From School Hallway To City Hall: Lancaster Senior Launches Campaign For Mayor

Mar 17, 2017

Clayton Lunsford was the first candidate to officially declare his candidacy to become the next mayor of Lancaster. He says he has big ideas about reshaping government and making it more responsive to people.

Clayton Lunsford is also 17 years old.

The senior at General Sherman Junior Senior High School says he’s always been passionate about politics, but was "invigorated" by the 2016 presidential election.

He supports Donald Trump, but thinks Trump's a "political novice.”

Lunsford’s candidacy for Lancaster mayor was certified by the Fairfield County Board of Elections earlier this month. He was the first candidate to enter the race, although other potential candidates have until August to decide.

Lunsford can enter the mayoral race as a minor because he turns 18 three months before the November election.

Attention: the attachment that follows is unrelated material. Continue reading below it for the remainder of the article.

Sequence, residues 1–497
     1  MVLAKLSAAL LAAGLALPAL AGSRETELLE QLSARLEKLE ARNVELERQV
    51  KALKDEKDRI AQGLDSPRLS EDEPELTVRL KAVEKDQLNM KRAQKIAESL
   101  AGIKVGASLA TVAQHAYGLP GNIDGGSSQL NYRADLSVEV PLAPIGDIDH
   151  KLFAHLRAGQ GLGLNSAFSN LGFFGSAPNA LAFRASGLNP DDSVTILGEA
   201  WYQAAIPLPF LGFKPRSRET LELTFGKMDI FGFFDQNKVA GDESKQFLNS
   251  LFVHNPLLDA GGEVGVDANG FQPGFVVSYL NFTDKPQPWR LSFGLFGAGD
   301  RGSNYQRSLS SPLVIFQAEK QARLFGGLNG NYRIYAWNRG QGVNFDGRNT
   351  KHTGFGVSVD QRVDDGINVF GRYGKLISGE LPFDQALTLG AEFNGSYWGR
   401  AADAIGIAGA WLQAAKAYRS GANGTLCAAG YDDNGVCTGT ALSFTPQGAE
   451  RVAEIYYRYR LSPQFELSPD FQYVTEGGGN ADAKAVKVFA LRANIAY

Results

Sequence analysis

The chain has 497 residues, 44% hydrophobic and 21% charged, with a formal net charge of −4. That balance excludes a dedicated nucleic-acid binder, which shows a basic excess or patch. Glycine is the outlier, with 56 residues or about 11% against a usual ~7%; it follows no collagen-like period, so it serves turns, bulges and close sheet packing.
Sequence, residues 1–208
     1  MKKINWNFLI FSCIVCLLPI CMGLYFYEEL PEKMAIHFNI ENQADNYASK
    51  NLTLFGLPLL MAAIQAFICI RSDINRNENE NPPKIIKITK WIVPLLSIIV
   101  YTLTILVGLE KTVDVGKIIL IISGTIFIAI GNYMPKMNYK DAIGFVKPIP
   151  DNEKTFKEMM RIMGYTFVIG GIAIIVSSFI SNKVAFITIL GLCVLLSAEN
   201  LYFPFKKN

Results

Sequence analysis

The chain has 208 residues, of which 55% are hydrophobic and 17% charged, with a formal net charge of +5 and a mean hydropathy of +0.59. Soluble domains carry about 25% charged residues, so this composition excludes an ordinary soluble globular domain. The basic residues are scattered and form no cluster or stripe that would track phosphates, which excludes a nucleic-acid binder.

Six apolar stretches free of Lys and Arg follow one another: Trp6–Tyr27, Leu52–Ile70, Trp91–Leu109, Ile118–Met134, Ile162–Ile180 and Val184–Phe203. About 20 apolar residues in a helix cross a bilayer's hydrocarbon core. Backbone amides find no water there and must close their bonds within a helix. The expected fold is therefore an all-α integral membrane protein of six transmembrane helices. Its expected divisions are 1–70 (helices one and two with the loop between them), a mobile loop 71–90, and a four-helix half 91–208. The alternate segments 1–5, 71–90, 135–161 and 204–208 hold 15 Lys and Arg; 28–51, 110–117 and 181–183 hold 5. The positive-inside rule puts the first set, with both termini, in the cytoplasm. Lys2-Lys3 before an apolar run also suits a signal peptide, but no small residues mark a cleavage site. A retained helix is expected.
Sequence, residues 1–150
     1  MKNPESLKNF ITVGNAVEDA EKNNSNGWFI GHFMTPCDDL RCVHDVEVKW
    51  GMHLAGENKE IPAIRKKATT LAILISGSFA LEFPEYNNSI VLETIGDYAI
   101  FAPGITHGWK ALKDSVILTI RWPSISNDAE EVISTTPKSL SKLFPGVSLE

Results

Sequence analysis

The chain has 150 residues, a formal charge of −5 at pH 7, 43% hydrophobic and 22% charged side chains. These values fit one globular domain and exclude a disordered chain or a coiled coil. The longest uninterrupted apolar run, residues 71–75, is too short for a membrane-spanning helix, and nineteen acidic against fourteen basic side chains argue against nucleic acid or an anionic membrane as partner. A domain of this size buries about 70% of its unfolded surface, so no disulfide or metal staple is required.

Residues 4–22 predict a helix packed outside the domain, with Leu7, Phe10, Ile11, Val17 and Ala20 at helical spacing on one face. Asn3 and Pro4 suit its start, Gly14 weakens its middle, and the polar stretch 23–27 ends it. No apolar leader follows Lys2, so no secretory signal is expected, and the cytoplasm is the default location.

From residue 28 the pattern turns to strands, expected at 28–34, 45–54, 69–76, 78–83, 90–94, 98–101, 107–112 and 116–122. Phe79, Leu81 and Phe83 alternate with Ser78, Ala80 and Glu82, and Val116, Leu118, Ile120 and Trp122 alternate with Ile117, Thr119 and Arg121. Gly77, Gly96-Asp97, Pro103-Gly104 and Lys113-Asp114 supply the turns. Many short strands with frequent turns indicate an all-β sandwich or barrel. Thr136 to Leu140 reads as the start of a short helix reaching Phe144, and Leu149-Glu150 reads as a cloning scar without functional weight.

Though he's officially listed as an independent, Lunsford says he leans conservative. He obviously lacks the experience of most candidates vying to run an American city, but he says his youth makes him “uniquely qualified” for the position.

Like Trump, Lunsford says he want to change government.

“Lancaster has had a lot of people who have said they were qualified, they have experience. But where has that really gotten us?" he says. "What Lancaster really needs is some youthful enthusiasm."

While talking about the need for change, Lunsford was quick to bring up the name of Brian Kuhn, the former Lancaster mayor who resigned in disgrace earlier this year after pleading guilty to attempting to avoid paying a state tax return. Kuhn was also caught up in a gambling investigation involving his wife, who was indicted for embezzling, but he was never charged.

Among Lunsford’s big ideas is a plan to combine the city’s Economic Development and Community Development departments, as well as increasing investment in roads, and pushing the city to move away from criminalizing opiate addicts and toward a model where people are funneled into treatment instead of jail.

But at least for the next few weeks, Clayton Lunsford is still a high school senior. And he’s honest about how he was able to get out of school to come to the WOSU studios at 10 a.m. on a weekday.

“I told them I had an appointment,” he says with a grin. “It’s OK, I don’t miss school very much.”